Chair in Hispanic Studies
I studied history at the University of California, Berkeley before completing my DPhil in history at St Antony’s College, Oxford University. I then worked at Birkbeck College, University of London and the University of Manchester before starting at the University of Aberdeen in the autumn of 2012.
Memberships and Affiliations
School Impact lead
Journal of Latin American Studies, co-editor
Society for Latin American Studies, President
External Examiner, University of Kent, Department of Hispanic Studies, Taught MA programmes
External Examiner, University of Lancaster, Department of European Languages and Cultures, BA and MA programmes (Spanish)
External Examiner, Institute for the Study of the Americas, MA programmes
My research has focused on two Latin American countries in two different centuries: nineteenth-century Chile and twentieth-century Mexico (publications may be found under the 'further information' tab).
In my research on Mexico, I examined how the changes brought about by the Mexican Revolution (1910-1917) were experienced at the grassroots level. Using Church and State educational programmes in Mexico City as my initial focus, I argued that students, both children and working adults, and teachers used the wide-ranging opportunities that the post-revolutionary era afforded them for their own ends – ends that ranged from skills training for upward mobility to enrolling in night school in order to find romance – amid the increasing tension between Church and State, both providers of free education. This research produced a single-authored monograph (Arizona, 2003) and two co-edited volumes, The Women’s Revolution in Mexico (Rowman and Littlefield, 2007) and New Approaches to Resistance in Brazil and Mexico (Duke, 2012).
My Chilean research focuses on the history of science, museums and friendship in the nineteenth-century. In The Sociable Sciences (Palgrave Macmillan, 2013) I argue that friendships has played a crucial role in the practice of the natural sciences; the transnational networks that this natural science community forged in and around Chile provided the mechanism through which a highly collaborative and sociable work dynamic emerged, in a period before naturalists had significant governmental or institutional support.
I am happy to supervise postgraduate research on topics concerned with the cultural and social history of Latin America, especially in the nineteenth and twentieth centuries. Of particular interest to me are topics related to themes of gender, including women’s history and masculinity; history of science, eugenics, exploration and museums; history of education (widely understood); and the history of friendship and other ties that bind.
My current research builds on The Sociable Sciences to address the means through which natural history knowledge was created, adapted and transmitted in nineteenth-century Chile thanks to collaboration between career-minded naturalists, for whom Chile’s ‘unexplored’ status proved irresistible, and non-naturalist supporters, for whom fostering the natural sciences aided national progress. I am interested in the values of natural history work, as well as the means of dissemination of these values.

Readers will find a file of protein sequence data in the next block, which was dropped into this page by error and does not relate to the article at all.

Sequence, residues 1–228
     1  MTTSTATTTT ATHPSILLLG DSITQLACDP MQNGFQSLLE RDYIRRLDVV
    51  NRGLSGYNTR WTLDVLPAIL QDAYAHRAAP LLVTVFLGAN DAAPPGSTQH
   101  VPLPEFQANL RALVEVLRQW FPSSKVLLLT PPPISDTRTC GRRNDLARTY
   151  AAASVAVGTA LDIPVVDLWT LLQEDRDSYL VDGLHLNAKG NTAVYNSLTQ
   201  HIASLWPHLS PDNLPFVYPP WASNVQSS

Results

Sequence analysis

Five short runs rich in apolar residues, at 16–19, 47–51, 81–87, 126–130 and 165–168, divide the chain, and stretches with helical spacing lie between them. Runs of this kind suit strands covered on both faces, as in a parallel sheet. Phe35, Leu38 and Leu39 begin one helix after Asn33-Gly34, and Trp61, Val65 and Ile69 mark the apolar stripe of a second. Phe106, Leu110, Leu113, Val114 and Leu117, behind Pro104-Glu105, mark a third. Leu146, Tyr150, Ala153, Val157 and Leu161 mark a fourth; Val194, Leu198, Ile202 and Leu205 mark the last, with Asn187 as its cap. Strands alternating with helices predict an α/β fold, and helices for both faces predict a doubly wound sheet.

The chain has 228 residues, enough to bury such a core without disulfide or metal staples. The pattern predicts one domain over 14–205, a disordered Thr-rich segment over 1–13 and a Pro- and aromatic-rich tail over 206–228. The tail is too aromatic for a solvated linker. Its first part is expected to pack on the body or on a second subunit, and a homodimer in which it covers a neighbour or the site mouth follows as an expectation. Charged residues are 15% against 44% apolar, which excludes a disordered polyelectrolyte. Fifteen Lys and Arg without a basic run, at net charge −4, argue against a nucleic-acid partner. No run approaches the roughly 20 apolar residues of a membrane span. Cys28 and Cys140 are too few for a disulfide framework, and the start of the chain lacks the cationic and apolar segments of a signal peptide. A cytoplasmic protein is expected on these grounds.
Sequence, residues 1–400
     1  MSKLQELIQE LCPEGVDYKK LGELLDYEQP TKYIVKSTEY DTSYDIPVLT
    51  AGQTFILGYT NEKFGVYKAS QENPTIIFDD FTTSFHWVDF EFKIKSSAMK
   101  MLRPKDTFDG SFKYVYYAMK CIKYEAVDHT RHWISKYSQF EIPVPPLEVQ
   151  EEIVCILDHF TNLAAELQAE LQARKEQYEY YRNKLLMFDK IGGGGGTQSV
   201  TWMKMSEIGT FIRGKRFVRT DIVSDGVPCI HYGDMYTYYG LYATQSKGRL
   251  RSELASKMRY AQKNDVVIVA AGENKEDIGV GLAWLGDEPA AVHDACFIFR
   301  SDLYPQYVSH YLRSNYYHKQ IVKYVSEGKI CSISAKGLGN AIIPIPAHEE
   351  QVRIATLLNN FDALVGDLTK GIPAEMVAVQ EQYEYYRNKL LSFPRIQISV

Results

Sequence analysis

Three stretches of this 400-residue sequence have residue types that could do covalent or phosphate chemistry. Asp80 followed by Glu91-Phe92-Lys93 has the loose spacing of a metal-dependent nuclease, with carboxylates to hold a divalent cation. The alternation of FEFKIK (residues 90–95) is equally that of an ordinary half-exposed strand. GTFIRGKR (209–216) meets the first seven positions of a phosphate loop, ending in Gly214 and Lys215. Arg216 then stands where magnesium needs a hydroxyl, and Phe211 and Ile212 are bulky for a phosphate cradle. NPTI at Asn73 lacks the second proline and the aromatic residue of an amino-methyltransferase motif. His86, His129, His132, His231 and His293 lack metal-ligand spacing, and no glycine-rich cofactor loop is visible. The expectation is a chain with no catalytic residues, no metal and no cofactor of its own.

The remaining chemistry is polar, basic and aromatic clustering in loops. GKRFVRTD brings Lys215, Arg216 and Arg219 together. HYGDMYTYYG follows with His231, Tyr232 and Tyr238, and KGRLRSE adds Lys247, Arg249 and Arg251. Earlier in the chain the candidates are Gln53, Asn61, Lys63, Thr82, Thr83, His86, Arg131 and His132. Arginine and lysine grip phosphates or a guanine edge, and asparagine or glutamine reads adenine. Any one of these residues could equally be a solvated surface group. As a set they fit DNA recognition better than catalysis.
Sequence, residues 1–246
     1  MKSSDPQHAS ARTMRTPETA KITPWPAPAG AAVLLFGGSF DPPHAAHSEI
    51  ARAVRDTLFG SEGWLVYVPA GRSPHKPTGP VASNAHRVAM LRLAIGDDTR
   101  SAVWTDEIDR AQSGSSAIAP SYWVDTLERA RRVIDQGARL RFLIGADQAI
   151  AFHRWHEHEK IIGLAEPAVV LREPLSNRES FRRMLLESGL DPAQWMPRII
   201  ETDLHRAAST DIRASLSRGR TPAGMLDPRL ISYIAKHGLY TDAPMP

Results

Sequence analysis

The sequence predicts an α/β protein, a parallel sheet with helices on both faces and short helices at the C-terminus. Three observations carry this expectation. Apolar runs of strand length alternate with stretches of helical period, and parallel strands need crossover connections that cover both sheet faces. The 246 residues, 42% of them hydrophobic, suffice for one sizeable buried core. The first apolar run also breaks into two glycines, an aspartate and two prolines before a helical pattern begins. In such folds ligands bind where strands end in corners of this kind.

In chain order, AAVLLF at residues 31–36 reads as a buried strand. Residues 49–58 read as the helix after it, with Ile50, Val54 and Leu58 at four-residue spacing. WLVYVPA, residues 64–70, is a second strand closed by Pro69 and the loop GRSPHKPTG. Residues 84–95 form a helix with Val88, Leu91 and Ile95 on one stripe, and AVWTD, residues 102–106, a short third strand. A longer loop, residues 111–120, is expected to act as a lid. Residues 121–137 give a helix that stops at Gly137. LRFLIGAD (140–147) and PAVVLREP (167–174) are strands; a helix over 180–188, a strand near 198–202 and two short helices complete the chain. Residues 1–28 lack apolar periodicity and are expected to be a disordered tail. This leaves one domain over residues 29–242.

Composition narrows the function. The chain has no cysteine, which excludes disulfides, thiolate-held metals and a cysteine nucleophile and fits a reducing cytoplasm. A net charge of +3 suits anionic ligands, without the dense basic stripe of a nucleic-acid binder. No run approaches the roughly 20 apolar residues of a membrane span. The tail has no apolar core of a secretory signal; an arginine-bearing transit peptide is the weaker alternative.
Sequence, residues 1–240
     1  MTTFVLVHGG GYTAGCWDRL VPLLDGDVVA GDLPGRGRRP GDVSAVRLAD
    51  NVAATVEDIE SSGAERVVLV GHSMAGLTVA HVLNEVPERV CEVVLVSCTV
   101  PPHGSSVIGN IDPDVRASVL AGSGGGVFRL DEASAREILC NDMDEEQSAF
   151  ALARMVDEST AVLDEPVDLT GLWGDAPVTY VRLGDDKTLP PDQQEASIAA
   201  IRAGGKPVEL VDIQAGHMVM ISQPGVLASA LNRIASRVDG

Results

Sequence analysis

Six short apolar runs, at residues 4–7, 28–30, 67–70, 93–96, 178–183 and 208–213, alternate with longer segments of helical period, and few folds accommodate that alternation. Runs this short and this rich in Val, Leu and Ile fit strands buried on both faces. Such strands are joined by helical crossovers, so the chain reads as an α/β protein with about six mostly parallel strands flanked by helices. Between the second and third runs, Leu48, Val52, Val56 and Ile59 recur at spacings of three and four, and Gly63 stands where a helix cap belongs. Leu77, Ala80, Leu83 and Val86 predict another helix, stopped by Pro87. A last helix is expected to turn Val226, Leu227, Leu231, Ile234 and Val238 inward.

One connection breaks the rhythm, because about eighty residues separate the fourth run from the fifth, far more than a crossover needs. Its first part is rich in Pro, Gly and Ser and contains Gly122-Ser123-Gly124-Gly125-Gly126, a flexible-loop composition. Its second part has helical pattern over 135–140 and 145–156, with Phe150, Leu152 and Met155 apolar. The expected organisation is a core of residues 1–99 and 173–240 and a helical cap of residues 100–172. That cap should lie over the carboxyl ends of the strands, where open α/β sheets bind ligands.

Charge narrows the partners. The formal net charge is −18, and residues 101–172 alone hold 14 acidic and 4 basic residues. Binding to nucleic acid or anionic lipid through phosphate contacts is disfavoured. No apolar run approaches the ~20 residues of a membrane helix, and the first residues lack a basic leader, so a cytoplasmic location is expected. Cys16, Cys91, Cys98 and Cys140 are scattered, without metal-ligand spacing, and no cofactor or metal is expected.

I am also working on a project on the Manual de urbanidad (1853) by Venezuelan Manuel Antonio Carreño. Despite its venerable age, this etiquette guide remains relevant to Spanish American popular culture through updated editions, YouTube parodies and chatshow discussions. The prevalance of Carreño’s Manual, in popular culture and new versions, is because, in the Spanish-speaking world, this text was a nineteenth-century publishing and reading phenomenon. This guide was read by individuals, adopted by school systems and became the yardstick of appropriate social intercourse. Despite its impact, there is little scholarly research on the guide's reception, adoption and adaptation in Spanish America since its publication. British Academy and Santander funding have allowed me to begin research on this book in Mexico and Chile, as the starting point for a project about the text in Spanish America.
Finally, I am continuing my work on the links between Aberdeen, the university, the city and the shire, and Latin American using the university's collections. At the moment, my research focuses on two figures. James Trail was the university's professor of botany, from 1876, but previously spend 18 months as part of an Amazonian survey. I am investigating his time in the Amazon and his life. I am also studying the life of John McPherson, an Aberdeen medical graduate, who emigrated to Mexico around 1903 and spend most of his life there, working as a doctor for the Compañía Mexicana de Petróleo El Águila (Mexican Eagle Petroleum Corporation) and later working privately. Both Trail and McPherson were donors to the university museums collections.
Research Funding and Grants
I have received funding from the British Academy, the AHRC and the Carnegie Trust for the Universities of Scotland.
- Encountering the Other in Iberia and the Americas
- Latin America: Texts and Contexts
- Revolutionary Creativity and American Inspiration
- Ploughing the Sea: Spain and Spain America, 1750-1990
- Women Making History: Mexico and Chile in the Twentieth Century
- Chronicles of Spanish America
- Principal’s Teaching Excellence Award, runner up, 2020
- Undergraduate Nominee, Excellence in Teaching Award, 2016-2017
Non-Course Teaching Responsibilities
Current PhD Students
- Sue Bremner, 'Scots in Peru, 1800 - 1930: An Overlooked Corner of the Scottish Diaspora' (co-supervision with Prof. Marjory Harper)
- Carol Gare, 'Paternalism, Philanthropy and Profit. Rio Tinto social welfare and municipal benefits 1873-1931'
- Matthew Lee, 'Private Reflections and Public Pronouncements: Caribbean Slavery in the Scottish Consciousness, c.1750-1834' (co-supervision with Prof. Catherine Jones)